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Is ► a safe character to use on a web site?
Marvin Hlavac




msg:4205986
 7:04 pm on Sep 23, 2010 (gmt 0)

Instead of

>

I would like to use

►

but I don't know if it is a safe character? It does display on my FF, IE, Opera, and Chrome, but will it display fine all around the world?

Any assistance/explanation will be much appreciated.

 

birdbrain




msg:4205993
 7:21 pm on Sep 23, 2010 (gmt 0)

Hi there Marvin_Hlavac,

It does display on my FF, IE, Opera, and Chrome, but will it display fine all around the world?

By the same token, how are you so certain that > will display fine all around the world? ;)

birdbrain

Marvin Hlavac




msg:4205999
 7:27 pm on Sep 23, 2010 (gmt 0)

&gt is on my keyboard, and also many sites use &gt, so I'm assuming there is no issue.

Are you saying I'm OK to use ►?

birdbrain




msg:4206030
 8:42 pm on Sep 23, 2010 (gmt 0)

Hi there Marvin_Hlavac,

Are you saying I'm OK to use ►?

Well, you have tested it in four of the most popular worldwide browsers. ;)

birdbrain

Marvin Hlavac




msg:4206040
 8:56 pm on Sep 23, 2010 (gmt 0)

I just noticed Google.com uses ▼ which is a character identical in shape to the ► only it is rotated 90 degrees. So I guess I'm safe to use the ►.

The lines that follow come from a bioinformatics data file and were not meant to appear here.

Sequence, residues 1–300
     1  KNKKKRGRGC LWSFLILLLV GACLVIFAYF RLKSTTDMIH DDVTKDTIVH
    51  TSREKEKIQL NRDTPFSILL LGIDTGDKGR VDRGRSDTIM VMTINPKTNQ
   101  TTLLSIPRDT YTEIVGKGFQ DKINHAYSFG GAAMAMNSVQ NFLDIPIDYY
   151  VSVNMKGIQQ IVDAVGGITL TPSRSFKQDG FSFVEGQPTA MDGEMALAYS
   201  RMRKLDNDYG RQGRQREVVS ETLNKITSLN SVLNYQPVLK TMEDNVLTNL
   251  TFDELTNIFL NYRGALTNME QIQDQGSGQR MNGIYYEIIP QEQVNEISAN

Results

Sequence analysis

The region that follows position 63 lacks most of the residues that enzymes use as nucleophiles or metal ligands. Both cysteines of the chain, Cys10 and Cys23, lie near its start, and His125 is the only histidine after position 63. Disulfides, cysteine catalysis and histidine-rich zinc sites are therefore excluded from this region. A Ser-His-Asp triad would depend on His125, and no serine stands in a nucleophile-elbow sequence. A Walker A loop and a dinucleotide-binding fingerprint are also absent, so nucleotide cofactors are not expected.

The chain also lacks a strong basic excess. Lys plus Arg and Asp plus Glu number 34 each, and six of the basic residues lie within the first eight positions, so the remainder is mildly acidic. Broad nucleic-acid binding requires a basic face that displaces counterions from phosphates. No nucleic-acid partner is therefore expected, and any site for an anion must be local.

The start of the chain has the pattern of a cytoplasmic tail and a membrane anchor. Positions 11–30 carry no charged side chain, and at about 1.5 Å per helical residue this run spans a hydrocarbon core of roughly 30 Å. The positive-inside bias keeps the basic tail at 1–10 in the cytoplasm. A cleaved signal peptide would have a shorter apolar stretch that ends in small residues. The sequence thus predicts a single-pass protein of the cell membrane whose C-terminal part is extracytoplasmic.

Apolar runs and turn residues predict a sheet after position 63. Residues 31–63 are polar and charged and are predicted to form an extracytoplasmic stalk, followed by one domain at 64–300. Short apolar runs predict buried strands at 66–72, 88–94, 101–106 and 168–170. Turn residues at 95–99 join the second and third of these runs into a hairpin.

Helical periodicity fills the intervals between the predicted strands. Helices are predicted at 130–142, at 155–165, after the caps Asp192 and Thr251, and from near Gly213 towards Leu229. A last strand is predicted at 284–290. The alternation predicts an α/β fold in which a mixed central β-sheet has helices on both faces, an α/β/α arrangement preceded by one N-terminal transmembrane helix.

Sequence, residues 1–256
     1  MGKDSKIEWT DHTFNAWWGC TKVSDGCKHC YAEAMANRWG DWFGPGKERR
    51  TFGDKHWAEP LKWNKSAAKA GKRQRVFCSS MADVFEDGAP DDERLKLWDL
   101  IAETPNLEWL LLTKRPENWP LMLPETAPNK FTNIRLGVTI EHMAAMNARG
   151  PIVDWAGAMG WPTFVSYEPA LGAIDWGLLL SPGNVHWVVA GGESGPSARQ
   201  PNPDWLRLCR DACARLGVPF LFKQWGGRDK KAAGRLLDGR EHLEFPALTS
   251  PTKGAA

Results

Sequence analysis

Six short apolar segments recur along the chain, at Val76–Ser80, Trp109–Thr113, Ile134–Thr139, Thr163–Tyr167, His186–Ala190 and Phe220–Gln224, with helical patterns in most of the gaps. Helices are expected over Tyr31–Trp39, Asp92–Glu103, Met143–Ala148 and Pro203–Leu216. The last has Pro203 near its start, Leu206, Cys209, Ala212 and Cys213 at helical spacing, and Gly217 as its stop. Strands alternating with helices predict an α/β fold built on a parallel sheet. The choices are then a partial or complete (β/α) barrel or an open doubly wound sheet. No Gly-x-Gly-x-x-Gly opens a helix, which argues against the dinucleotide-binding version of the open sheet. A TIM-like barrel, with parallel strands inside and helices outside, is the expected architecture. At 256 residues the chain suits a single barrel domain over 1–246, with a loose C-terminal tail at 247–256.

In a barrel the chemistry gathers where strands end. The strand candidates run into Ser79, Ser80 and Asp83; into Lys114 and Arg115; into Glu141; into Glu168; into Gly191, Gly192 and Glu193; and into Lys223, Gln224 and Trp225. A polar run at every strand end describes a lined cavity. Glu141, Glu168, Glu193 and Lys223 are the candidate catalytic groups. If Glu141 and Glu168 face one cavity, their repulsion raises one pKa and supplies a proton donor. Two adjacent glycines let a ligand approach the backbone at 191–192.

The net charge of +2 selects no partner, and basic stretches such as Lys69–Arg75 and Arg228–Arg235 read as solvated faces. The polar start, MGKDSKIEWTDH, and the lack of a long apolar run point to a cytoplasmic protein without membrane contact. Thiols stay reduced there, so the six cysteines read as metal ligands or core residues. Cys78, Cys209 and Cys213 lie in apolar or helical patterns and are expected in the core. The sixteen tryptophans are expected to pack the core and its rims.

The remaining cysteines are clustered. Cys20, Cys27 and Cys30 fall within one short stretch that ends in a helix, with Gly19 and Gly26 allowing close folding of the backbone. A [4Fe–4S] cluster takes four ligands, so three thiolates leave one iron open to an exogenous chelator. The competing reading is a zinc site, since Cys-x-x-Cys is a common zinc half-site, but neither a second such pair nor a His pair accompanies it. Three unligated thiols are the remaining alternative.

Thanks.

swa66




msg:4209965
 2:19 pm on Oct 1, 2010 (gmt 0)

It all depends on what encoding your server and pages are saying the content is encoded in.
If you use unicode characters, make absolutely sure your pages tell the browser the page is encoded in UTF-8 (or UTF16, in the unlikely event you should opt for that).

If your pages state they are encoded in e.g. ISO-LATIN-1 or so, that that character is a liability and likely to blow up soon rather than late.

If you let browser guess what encoding to use it's even worse: you cannot predict it anymore and the order of what they encounter becomes important and the like.

Aside of that, if you type it or use a htmlencoding to represent it isn't relevant anymore for a modern browser.

Bottom line go for it. But DO make 100% sure your html is sent clearly indicating it is encoded in UTF-8, or it'll not be safe.

Marvin Hlavac




msg:4209979
 2:56 pm on Oct 1, 2010 (gmt 0)

swa66, I much appreciate your explanation. I don't know much about these things, but looking through the source code of my pages I've found the following:

<meta http-equiv="Content-Type" content="text/html; charset=ISO-8859-1" />

Is this good or bad?

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